Plain Chachalaca: Loud, phesant-like bird. Drab in color with gray head, olive-brown back, buff belly, dark tail with green gloss. Male shows bright red gular stripe during courtship displays. Feeds on insects, fruits, berries, seeds, leaves and buds. Alternates rapid stiff wing beats with glides.
Range and Habitat
Plain Chachalaca: This species is found primarily in Mexico along the Gulf Coast and in the Neotropics. Its range extends into the U.S. in extreme southern Texas along the lower Rio Grande valley. Inhabits forested areas, particularly early successional and forest edges, thorn scrub, and brushy thickets.
The GALLIFORMES (pronounced gal-lih-FOR-meez) is an order of five families (some taxonomic systems only recognize four of these, classifying the fifth as a sub-family) found nearly worldwide that includes pheasants, the wild ancestor to the domestic chicken, and similar fowl-like birds such as guineafowl, megapodes and the chachalacas.
The Cracidae (pronounced KRA-kih-dee), a bird family almost entirely restricted to tropical regions in the New World, is composed of fifty-four species in eleven genera.
North America has eleven species of the Cracidae (commonly called “Cracids”) in six genera. The long-tailed and noisy chachalacas, arboreal guans, and turkey-like curassows are members of this family.
Cracids are known for being furtive, wary birds capable of remaining hidden despite their large size and loud calls. However, where they are not hunted, they can become quite tame and some species, such as the Plain Chachalaca, even come to feeders.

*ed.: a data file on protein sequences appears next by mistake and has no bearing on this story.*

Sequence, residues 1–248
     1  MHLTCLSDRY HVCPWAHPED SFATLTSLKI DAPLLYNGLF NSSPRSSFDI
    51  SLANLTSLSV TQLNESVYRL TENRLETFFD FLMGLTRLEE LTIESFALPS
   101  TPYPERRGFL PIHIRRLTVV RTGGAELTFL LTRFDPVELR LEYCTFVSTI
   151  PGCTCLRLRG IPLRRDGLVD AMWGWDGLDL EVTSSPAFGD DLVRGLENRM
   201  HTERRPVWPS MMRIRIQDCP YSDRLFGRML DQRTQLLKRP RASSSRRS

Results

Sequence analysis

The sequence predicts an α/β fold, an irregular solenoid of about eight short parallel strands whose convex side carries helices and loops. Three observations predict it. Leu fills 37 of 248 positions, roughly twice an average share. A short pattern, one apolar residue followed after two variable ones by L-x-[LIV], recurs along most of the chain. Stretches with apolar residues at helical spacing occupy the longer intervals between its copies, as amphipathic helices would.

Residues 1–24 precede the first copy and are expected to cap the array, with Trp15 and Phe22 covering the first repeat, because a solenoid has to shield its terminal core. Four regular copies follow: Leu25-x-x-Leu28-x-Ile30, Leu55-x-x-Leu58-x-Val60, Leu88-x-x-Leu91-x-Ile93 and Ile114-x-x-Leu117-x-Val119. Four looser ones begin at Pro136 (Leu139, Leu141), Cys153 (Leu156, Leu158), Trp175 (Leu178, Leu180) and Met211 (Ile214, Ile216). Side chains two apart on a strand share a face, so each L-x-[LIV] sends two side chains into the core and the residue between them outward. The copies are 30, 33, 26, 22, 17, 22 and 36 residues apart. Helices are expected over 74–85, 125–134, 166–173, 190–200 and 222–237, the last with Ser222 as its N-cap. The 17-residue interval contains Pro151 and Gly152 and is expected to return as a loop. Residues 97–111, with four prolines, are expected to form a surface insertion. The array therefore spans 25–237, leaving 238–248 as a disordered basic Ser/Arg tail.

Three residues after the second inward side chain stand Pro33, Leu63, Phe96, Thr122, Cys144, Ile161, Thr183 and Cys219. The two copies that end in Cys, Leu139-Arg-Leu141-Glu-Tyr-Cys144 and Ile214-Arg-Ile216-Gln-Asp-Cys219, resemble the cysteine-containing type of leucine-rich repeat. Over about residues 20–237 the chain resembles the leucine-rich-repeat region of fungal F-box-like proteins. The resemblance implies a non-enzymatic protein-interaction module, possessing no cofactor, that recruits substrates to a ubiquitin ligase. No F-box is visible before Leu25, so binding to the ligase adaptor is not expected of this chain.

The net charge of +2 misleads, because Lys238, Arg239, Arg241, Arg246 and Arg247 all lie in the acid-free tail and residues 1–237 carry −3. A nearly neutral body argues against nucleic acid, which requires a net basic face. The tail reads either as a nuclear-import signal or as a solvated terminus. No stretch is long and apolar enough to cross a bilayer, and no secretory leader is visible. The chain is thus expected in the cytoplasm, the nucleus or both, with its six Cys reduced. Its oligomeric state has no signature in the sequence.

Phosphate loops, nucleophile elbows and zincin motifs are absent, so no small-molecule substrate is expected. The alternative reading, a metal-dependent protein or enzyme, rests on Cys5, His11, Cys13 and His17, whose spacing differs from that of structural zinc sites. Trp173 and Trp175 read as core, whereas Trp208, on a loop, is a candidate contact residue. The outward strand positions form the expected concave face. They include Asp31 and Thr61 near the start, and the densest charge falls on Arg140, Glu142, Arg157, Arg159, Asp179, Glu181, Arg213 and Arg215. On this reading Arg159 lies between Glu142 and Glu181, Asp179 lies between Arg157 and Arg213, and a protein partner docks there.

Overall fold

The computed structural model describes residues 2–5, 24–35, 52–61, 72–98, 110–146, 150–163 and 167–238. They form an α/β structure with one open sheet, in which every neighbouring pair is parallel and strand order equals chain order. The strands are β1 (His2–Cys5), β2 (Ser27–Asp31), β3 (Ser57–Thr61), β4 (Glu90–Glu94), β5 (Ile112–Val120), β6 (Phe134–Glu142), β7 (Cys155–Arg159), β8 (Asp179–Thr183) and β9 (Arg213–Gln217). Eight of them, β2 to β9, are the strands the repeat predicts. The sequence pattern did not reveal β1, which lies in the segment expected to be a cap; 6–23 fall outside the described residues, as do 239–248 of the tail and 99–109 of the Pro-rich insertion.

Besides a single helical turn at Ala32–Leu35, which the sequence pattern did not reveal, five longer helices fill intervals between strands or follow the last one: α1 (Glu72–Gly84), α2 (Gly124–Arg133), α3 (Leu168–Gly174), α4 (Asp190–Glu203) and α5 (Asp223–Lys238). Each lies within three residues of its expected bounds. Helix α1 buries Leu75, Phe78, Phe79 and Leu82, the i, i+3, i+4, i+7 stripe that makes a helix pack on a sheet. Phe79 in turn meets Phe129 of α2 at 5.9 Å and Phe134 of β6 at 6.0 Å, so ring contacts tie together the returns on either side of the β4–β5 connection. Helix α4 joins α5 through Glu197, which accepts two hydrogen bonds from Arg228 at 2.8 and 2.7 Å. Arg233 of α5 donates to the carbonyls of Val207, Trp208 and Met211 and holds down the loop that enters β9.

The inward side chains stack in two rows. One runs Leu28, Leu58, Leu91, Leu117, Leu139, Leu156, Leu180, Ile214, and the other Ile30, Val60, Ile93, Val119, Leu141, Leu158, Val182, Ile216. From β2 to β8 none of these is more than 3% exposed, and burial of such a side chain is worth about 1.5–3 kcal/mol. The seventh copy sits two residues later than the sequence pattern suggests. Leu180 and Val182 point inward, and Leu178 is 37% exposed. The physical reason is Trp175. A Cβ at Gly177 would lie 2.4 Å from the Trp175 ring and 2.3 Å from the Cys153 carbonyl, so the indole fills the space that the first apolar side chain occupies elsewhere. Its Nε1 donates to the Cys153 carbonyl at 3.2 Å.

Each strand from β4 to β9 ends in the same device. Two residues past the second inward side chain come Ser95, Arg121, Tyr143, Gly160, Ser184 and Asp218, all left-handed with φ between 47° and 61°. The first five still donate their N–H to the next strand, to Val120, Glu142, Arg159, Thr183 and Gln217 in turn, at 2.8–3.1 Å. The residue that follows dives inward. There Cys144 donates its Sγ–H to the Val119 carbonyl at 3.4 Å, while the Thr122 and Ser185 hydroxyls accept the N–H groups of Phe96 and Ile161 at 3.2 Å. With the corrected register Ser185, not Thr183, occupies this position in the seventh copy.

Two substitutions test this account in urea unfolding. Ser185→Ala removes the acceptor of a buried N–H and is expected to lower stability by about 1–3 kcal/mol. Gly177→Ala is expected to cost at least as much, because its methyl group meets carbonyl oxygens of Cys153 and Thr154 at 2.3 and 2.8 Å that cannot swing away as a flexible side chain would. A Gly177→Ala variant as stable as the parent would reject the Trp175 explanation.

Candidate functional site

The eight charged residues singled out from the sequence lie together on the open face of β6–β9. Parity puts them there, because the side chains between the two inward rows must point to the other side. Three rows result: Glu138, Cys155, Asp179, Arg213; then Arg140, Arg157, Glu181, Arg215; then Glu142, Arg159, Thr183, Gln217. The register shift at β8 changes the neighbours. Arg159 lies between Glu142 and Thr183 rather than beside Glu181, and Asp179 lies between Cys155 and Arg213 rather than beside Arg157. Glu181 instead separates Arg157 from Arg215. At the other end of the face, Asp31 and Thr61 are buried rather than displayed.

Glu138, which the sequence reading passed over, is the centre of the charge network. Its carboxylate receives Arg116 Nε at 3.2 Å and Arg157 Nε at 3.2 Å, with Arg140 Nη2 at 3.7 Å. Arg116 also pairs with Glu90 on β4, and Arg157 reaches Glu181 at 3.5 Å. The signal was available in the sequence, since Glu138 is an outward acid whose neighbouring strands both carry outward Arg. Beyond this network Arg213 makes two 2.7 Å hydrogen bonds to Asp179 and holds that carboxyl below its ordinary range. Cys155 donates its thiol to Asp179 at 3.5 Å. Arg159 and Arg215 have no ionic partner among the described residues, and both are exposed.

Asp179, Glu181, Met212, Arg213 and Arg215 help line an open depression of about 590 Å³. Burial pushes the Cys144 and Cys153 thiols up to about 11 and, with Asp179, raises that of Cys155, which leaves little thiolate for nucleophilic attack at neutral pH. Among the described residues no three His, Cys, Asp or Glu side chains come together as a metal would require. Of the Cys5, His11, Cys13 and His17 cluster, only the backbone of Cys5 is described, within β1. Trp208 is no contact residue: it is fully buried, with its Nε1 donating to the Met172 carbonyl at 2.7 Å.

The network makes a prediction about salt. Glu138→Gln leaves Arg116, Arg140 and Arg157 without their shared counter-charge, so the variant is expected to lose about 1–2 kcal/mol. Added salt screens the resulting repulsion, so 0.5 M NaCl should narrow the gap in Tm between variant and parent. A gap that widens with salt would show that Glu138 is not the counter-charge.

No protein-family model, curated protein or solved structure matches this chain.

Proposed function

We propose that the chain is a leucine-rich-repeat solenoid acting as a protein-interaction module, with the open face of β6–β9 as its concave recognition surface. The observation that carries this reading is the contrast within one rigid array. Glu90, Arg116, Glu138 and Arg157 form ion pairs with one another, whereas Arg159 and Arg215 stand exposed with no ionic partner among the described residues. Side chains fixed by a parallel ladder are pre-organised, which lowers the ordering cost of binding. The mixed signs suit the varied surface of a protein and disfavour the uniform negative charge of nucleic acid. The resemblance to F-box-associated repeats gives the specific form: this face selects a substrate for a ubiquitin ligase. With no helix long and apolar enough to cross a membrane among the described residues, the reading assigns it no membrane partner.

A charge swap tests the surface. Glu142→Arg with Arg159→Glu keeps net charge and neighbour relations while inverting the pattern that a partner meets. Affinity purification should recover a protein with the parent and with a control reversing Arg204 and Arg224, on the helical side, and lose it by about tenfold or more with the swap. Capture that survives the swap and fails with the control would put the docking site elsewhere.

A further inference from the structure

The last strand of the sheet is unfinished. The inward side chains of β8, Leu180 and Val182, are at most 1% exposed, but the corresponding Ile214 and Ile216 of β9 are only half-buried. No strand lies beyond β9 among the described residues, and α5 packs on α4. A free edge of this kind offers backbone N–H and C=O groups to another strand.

Members of the Cracidae are large, long-tailed birds with long, strong legs useful for running and clambering on the ground and through thick vegetation. They have a short bill and short wings similar to those of a chicken and are likewise reluctant to fly.
Dull colors such gray, black, and earthy browns predominate in the Cracidae. Several species, including chachalacas, have a red patch of bare skin on the throat and pale coloring at the tip of the tail. Although the bill and legs of the chachalacas are blackish, these features are bright yellow or red in some other Cracid species.
A bird family mostly found south of the United States, members of the Cracidae occur in rain forest, cloud forest, and tropical dry forest. The only Cracid species that reaches the United States is the Plain Chachalaca; a bird of the tropical brushlands of southern Texas.
Plain Chachalacas and other Cracids are resident, non-migratory birds.
The chachalacas are social, vociferous birds that typically forage in flocks of around fifteen individuals. These lanky, animated birds search for small creatures and fruits in low vegetation and small trees as well as on the ground.
A species that prefers second growth habitats, populations of the Plain Chachalaca are not threatened and are doing quite well. Many species of Cracids in Central and South America, though, are highly threatened and endangered by hunting and habitat destruction. The combination of having a low reproductive rate and being turkey-like birds that make for easy, tempting targets makes many Cracids particularly sensitive to hunting.
Plain Chachalacas are named after their loud, raucous calls; hoarse vocalizations that (with some imagination) sound like “chachalaca”. Waking up to a flock of these birds calling out their name makes for an impressive auditory addition to the hot bushlands of southernmost Texas.
In addition to being vociferous, several guan species also have impressive displays where they rattle their wings during short, gliding flights.